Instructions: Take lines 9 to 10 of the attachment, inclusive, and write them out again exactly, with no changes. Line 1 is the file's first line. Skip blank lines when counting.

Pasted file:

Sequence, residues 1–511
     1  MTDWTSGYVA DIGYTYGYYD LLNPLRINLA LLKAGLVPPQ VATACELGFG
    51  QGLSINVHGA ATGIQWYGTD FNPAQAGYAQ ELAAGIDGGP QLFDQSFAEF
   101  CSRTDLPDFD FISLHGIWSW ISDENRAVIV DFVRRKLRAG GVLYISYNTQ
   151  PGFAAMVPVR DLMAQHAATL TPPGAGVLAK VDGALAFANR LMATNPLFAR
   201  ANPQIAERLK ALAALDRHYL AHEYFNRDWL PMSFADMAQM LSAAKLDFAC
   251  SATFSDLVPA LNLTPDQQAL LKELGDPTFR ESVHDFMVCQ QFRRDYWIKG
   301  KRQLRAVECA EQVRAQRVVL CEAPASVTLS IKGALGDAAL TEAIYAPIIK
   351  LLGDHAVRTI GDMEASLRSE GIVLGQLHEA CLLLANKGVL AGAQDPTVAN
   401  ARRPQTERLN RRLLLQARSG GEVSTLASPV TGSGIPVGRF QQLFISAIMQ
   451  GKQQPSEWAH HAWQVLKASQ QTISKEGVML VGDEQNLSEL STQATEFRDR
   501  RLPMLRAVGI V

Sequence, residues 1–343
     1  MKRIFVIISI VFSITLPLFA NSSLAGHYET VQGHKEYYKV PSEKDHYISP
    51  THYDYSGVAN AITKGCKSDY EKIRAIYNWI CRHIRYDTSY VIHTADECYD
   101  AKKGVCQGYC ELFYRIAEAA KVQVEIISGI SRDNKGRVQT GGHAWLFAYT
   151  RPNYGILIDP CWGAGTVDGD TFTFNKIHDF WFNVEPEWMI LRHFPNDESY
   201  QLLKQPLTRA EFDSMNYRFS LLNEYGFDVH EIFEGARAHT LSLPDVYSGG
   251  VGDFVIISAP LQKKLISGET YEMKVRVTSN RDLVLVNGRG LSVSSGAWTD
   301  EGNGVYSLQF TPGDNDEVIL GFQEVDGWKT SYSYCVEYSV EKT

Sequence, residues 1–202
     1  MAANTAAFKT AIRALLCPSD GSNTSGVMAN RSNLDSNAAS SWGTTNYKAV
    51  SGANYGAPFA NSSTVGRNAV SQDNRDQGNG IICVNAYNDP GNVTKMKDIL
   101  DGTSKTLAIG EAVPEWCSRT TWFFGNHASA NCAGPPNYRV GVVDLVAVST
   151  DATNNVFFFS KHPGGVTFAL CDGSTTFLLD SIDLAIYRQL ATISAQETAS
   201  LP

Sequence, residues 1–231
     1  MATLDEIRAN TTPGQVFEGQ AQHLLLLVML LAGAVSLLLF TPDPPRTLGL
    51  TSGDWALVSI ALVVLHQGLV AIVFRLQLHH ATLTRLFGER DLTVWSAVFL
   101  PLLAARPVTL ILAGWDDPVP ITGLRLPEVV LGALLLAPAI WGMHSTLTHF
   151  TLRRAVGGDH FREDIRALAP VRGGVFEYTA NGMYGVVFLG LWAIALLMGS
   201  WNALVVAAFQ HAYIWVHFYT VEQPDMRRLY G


   351  LLGDHAVRTI GDMEASLRSE GIVLGQLHEA CLLLANKGVL AGAQDPTVAN
   401  ARRPQTERLN RRLLLQARSG GEVSTLASPV TGSGIPVGRF QQLFISAIMQ